It ends very abruptly, but regardless of that fact, it has become one of the most lauded Romantic poems.

Rhyme in Blank Verse Examples John Keats (1822) by William Hilton; William Hilton, Public domain, via Wikimedia Commons


Ulysses (1842) by Alfred, Lord Tennyson

Date Published1842
Type of PoemBlank verse
Rhyme SchemeNone
MeterIambic pentameter
TopicThe story of Ulysses

Ulysses is one of many poems that focuses on the tale of Ulysses, also known as Odysseus. This figure is an ancient mythological and literary figure who is perhaps best known for being the principal character in the Odyssey by Homer. In this particular blank verse poem, the character of Ulysses has concluded his great adventures which were recorded in ancient texts, and he has been reunited with his wife, but he still desires that sense of adventure that has become absent in his old age.

It is a tale of aging through the lens of a figure who has remained forever young in his most famous depictions.

Rhyme in Blank Verse Poems Alfred, Lord Tennyson (1842) by George Frederic Watts; George Frederic Watts, Public domain, via Wikimedia Commons


Aurora Leigh (1856) by Elizabeth Barrett Browning

Date Published1856
Type of PoemBlank verse
Rhyme SchemeNone
MeterIambic pentameter
TopicThe tale of Aurora and Marian Erie

Aurora Leigh is an epic poem written in blank verse. The poem is a particularly lengthy one and is made up of several books that relate this narrative to the reader. The story is the tale of Aurora and Marian Erie as they travel throughout Europe. The style changes throughout the poem and it has come to be seen as one of the greatest epic poems of the Victorian era.

The long narrative was even expressed by the author as being a “novel in verse”, which makes it a particularly interesting instance of blank verse poetry.

Explore Blank Verse Examples Aurora Leigh (1904) by John White Alexander; John White Alexander, Public domain, via Wikimedia Commons


Mending Wall (1914) by Robert Frost

Date Published1914
Type of PoemBlank verse
Rhyme SchemeNone
MeterIambic pentameter
TopicThe nature of human relationships

Mending Wall is one of the most famous of all the poems that Robert Frost ever produced. This is also one of the best 20th century blank verse examples. The poem uses this blank verse style to present an exploration of the relationships that develop between human beings and, more precisely, between neighbors. In this case, it involves the yearly meetup of two neighbors who only come together to help rebuild the stone wall that separates them. This ritual of separation ironically brings them together.

This irony and the stunning portrayal of this relationship have contributed to the poem being one of Robert Frost’s most anthologized poems.

Explore Blank Verse Poems Robert Frost (1910s); Unknown authorUnknown author at the source., Public domain, via Wikimedia Commons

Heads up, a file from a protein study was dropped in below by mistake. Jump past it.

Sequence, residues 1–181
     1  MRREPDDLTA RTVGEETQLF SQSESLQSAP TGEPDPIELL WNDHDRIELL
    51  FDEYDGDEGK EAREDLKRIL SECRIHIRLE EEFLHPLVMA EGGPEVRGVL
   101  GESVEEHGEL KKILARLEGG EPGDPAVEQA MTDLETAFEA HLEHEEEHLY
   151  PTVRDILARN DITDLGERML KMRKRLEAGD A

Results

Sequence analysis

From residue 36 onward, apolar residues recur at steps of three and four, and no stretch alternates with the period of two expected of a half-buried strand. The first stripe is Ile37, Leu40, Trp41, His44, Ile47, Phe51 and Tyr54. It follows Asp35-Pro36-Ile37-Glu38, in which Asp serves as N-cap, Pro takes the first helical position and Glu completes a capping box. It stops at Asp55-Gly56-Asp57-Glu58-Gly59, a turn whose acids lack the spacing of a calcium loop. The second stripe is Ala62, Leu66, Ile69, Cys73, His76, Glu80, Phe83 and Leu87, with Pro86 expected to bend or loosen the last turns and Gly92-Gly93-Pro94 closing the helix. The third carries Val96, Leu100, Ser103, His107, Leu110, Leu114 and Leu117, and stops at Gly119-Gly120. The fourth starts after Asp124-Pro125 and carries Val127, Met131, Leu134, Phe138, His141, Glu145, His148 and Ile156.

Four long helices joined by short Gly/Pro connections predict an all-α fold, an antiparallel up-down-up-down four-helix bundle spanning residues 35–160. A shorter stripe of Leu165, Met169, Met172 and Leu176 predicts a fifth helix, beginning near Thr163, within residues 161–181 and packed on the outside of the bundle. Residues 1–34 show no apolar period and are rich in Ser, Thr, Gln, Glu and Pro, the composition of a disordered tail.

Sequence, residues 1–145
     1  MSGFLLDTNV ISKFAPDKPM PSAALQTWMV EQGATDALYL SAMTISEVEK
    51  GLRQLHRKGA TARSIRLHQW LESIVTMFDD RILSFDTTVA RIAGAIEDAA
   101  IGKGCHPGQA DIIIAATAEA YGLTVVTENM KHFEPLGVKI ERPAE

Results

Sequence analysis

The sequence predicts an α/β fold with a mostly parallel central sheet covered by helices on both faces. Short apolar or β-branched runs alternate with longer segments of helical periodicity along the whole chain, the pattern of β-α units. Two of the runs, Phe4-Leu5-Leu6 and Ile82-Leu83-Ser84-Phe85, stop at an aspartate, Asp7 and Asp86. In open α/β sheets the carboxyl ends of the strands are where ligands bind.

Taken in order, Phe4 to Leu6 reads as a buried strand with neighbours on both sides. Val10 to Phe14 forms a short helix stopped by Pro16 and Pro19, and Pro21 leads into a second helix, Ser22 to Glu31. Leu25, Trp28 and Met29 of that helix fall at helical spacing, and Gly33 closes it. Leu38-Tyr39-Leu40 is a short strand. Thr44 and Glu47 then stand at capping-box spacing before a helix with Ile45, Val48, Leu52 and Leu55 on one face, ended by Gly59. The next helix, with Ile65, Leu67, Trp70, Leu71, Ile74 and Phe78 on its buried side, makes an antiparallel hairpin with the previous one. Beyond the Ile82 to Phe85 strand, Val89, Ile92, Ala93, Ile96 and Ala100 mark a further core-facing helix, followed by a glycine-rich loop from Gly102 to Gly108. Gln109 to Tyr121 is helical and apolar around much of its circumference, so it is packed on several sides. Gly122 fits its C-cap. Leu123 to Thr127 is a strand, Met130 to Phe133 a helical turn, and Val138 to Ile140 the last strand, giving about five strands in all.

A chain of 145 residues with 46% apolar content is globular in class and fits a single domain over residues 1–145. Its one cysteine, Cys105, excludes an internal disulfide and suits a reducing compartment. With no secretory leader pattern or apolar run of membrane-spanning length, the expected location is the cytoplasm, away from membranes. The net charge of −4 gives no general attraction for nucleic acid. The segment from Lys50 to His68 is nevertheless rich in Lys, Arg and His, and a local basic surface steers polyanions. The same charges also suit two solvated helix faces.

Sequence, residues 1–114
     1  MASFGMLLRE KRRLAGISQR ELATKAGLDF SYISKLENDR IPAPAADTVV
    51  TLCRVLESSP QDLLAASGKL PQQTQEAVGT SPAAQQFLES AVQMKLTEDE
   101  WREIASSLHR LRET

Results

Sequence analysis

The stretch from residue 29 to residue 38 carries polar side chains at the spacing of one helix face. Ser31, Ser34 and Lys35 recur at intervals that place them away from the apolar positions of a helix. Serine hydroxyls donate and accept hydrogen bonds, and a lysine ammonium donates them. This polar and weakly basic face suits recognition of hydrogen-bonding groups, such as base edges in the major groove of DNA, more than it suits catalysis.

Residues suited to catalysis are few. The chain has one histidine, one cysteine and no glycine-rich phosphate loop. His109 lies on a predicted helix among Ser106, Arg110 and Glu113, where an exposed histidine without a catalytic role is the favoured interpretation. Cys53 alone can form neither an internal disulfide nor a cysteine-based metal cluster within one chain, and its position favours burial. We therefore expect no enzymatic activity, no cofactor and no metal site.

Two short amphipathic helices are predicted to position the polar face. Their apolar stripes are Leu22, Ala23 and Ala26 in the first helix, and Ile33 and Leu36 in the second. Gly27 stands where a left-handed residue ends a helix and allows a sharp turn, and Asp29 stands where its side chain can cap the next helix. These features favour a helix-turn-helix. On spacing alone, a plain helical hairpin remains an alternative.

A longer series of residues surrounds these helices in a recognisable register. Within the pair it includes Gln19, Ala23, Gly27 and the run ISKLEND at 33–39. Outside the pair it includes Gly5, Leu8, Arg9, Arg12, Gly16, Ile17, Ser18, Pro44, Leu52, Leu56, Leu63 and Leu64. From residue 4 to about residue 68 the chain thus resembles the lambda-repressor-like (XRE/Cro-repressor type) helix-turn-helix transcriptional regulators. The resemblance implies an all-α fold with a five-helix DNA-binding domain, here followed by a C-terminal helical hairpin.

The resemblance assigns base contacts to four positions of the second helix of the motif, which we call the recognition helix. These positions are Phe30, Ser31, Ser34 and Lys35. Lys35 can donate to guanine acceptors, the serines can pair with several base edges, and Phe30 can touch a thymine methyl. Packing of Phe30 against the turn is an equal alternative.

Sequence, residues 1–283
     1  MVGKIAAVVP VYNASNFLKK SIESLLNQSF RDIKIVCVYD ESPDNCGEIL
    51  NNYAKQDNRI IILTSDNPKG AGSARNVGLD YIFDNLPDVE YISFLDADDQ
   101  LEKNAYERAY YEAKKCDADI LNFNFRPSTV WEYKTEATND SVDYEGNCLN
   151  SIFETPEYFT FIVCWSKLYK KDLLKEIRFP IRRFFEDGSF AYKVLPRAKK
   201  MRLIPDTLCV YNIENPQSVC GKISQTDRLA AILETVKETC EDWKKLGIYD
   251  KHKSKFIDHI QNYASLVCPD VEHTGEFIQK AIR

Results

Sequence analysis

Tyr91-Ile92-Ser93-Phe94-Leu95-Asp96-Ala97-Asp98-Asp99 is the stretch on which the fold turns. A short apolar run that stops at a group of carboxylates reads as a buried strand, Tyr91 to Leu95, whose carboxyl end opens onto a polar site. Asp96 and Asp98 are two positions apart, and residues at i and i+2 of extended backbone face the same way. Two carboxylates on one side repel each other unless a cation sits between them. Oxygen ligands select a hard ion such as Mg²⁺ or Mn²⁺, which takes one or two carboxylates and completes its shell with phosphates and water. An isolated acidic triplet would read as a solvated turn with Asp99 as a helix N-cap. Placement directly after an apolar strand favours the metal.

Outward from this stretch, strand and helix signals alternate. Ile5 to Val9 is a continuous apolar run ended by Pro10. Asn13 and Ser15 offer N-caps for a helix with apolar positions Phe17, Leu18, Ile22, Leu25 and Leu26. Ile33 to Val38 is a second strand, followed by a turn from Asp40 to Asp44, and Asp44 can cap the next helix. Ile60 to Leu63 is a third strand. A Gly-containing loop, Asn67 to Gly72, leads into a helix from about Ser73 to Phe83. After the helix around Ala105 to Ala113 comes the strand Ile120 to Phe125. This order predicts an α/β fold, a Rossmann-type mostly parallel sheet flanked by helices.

The Second Coming (1919) by W. B. Yeats

Date Published1919
Type of PoemBlank verse
Rhyme SchemeNone
MeterLoose iambic pentameter
TopicThe Second Coming of Jesus Christ

The Second Coming is a poem that makes use of the imagery of the biblical narrative of the Second Coming of Jesus Christ from Revelation but uses it to instead present the reader with a horrifying image. Rather than the supposed salvation that comes with the Second Coming, the poem presents it as the arrival of monsters and the utter collapse of society.

The parallels between this apocalyptic vision and the recent end of the First World War, when this poem was written, should indicate where these kinds of feelings originated.

Famous Blank Verse Poems William Butler Yeats (1911) by George Charles Beresford;  George Charles Beresford, Public domain, via Wikimedia Commons


The Idea of Order at Key West (1934) by Wallace Stevens

Date Published1934
Type of PoemBlank verse
Rhyme SchemeNone
MeterIambic pentameter
TopicArt, imagination, and the natural world

The Idea of Order at Key West is a phenomenal example of blank verse poetry. In this case, the poem explores ideas that relate to the imagination of the artist as well as the natural world around us. It is set in Florida and, like many of the blank verse poems in this list, it is composed in iambic pentameter. The poem makes use of images that relate to the natural world, such as the summer sun above and the sea that flows beside the speaker.

Famous Blank Verse Examples Photo portrait of American poet Wallace Stevens (1879–1955) used for the first-edition cover of The Collected Poems of Wallace Stevens (1954) by Sylvia Salmi; Photograph by Sylvia Salmi, Public domain, via Wikimedia Commons


That has been our tenth, and final, entry in this list of blank verse poems. The list is, as all lists are doomed to be, woefully incomplete! The tradition of blank verse poetry has existed for a very long time, and expecting a full account of every instance is a fool’s errand. Luckily, fools can still learn a lot by having a look at shorter lists! Hopefully, this ten-point list of blank verse examples has aided you in understanding what exactly blank verse poetry is in the first place, and they are all worth a read if you like this sort of poetry! Always try and remember that there will be so many other blank verse poems out there if you’d like to find some more out in the wild. So, happy hunting if that’s what you plan on doing!




Frequently Asked Questions


What Is a Blank Verse Poem?

In very basic terms, the blank verse poem is one that adopts a lack of rhyme while still making use of a particular and formalized metrical structure. So, this means that blank verse poems will have a metrical structure like iambic pentameter, but there will be no definitive rhyme, stanzas, and so on.


How Does Blank Verse Differ from Free Verse?

These two varieties of poetry are both similar and not similar to one another. Free verse poetry, famously, has no real rules. Blank verse poetry, on the other hand, has fewer rules than other types of formalized poetry, such as a lack of rhyme and definitive layouts, but it does still maintain a consistent sense of meter.


What Are the Primary Characteristics of Blank Verse Poems?

The main thing to remember about this particular form of poetry is that it still uses a consistent metrical structure. Other than that, it has no real rules. It does not need to have a specific number of lines or stanzas, nor does it need to follow a particular structure or have a rhyme scheme.


Cite this Article

Justin, van Huyssteen, “Blank Verse Poems – Characteristics and Famous Examples.” Art in Context. January 18, 2024. URL:

van Huyssteen, J. (2024, 18 January). Blank Verse Poems – Characteristics and Famous Examples. Art in Context.

van Huyssteen, Justin. “Blank Verse Poems – Characteristics and Famous Examples.” Art in Context, January 18, 2024.

Similar Posts

Leave a Reply

Your email address will not be published. Required fields are marked *